Nettle Leaf Tea: Is It Good for You?

Nettle leaf tea is derived from the leaves of the common nettle plant, also known as the stinging nettle. The scientific name for this plant is Urtica dioica. The ‘stinging’ moniker is apt, as handling the plant with exposed skin is known to produce a burning sensation that persists after contact. 

Nettle leaf tea has long had a healthy reputation. It’s been an important part of traditional medicine in several cultures around the world. In Europe, it was used to treat people with lung disorders. In North America, some Native American communities used it to help with pregnancy and childbirth.

Nettle leaf tea is commonly bought already in tea bags, though some enthusiasts make their own. It has a grassy, earthy flavor.

In terms of health benefits, nettle root has received quite a bit more attention of late than nettle leaf tea. However, there have been a number of studies that have looked into the specific health properties of nettle leaf tea and provided a better understanding of its benefits.

Nutrition Information

The majority of any tea is always water. As such, the nutrients found in tea are generally dilute. The same is true for nettle leaf tea. 

A single teabag of nettle leaf tea, when brewed, delivers approximately:

  • Calories: 1
  • Protein: 0 grams
  • Fat: 0 grams
  • Carbohydrates: 0 grams
  • Fiber: 0 grams

While nettle leaves contain a range of vitamins and minerals, their concentration is significantly diminished in tea. In nettle leaf tea, two common vitamins found are:

Continued

Potential Health Benefits of Nettle Leaf Tea

Modern research on nettle leaf tea has looked into a number of potential benefits. These benefits are thought to be tied to the biologically active compounds contained in the nettle plant. Nettle leaves in particular are a source of terpenoids, carotenoids, fatty acids, and more.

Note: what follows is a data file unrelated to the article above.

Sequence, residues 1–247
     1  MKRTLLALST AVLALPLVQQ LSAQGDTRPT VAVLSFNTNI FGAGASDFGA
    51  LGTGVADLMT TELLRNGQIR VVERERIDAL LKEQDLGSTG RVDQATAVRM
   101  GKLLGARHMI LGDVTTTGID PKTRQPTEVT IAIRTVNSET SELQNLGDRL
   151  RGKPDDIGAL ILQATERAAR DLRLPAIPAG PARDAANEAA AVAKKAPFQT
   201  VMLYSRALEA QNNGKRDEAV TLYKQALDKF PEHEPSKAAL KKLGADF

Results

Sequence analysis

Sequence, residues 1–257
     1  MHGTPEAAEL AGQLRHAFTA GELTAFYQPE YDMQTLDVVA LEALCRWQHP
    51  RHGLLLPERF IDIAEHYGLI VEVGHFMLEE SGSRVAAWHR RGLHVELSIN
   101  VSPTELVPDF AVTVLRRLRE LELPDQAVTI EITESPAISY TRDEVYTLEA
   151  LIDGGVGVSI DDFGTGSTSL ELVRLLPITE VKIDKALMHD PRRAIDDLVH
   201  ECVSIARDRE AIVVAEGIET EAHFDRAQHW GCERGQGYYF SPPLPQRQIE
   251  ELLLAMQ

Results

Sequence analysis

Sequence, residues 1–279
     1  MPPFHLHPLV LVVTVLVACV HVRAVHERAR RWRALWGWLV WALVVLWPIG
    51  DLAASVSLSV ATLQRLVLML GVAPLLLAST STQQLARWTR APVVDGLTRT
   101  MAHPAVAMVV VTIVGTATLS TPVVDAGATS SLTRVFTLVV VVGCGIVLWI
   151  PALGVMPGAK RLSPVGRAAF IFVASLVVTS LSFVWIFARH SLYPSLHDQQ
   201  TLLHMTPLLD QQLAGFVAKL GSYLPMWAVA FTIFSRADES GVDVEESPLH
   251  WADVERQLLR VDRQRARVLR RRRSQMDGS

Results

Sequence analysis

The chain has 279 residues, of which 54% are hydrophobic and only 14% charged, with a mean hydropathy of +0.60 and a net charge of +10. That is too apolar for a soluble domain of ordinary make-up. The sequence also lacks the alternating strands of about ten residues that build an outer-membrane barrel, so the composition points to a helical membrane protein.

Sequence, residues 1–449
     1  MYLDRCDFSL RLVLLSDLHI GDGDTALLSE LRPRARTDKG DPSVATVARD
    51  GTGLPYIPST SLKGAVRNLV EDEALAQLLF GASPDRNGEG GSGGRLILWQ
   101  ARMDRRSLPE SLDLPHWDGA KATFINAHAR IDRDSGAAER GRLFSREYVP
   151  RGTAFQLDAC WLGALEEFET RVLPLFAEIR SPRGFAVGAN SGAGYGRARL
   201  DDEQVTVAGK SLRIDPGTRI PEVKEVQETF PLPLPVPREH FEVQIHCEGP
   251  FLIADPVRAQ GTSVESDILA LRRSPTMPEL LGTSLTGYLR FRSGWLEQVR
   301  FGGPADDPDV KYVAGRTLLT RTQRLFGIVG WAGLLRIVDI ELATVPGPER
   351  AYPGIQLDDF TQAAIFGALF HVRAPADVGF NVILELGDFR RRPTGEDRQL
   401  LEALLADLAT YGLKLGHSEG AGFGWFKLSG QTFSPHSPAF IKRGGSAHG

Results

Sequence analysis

Some of the specific health benefits attributed to nettle leaf tea include:

Osteoarthritis Joint Pain Relief

Nettles have been shown to alleviate some of the joint pain associated with osteoarthritis. They can be used safely alongside nonsteroidal anti-inflammatories (NSAIDs), allowing individuals to decrease the overall amount of NSAIDs utilized. Research was specifically conducted on stewed nettle leaves. Nettle leaf tea requires further testing to determine if it also provides joint pain relief.

Diabetes Treatment

Nettle leaf extracts have shown anti-diabetic activity in animal studies. Diabetes-induced rats demonstrated improving blood sugar levels upon administration of nettle leaf extract. They also exhibited lowered cholesterol levels.

Heart Health

Nettle leaf tea has been shown to potentially lower blood pressure. Some doses of nettle have also been shown to have antiplatelet effects in animal studies.

Potential Risks of Nettle Leaf Tea

Nettle leaf tea and other portions of the nettle plant are widely considered to be safe to ingest. That said, some mild side effects have been reported. The most common complaints relate to digestion.

Indigestion and Diarrhea

Nettle products have occasionally been reported to cause stomach upset (nettle root) and diarrhea (nettle juice). Nettle leaf tea has not been reported as a specific cause of these symptoms.

WebMD Medical Reference Reviewed by Dan Brennan, MD on September 25, 2020

Sources

SOURCES:

healthyeating.sfgate.com: The Benefits & Side Effects of Nettle Leaf Tea

Molecules: Urtica spp.: Ordinary Plants with Extraordinary Properties

myfitnesspal.com: Health and Heather – Nettle Tea

The Journal of Ethnobiology and Traditional Medicine: Nutritional and Therapeutic Efficacy of Stinging Nettle – A Review

Western New York Urology Associates: Nettle

© 2020 WebMD, LLC. All rights reserved.

Pagination

Get Diet and Fitness Tips In Your Inbox

Eat better and exercise smarter. Sign up for the Food & Fitness newsletter.

By clicking Subscribe, I agree to the WebMD Terms & Conditions & Privacy Policy and understand that I may opt out of WebMD subscriptions at any time.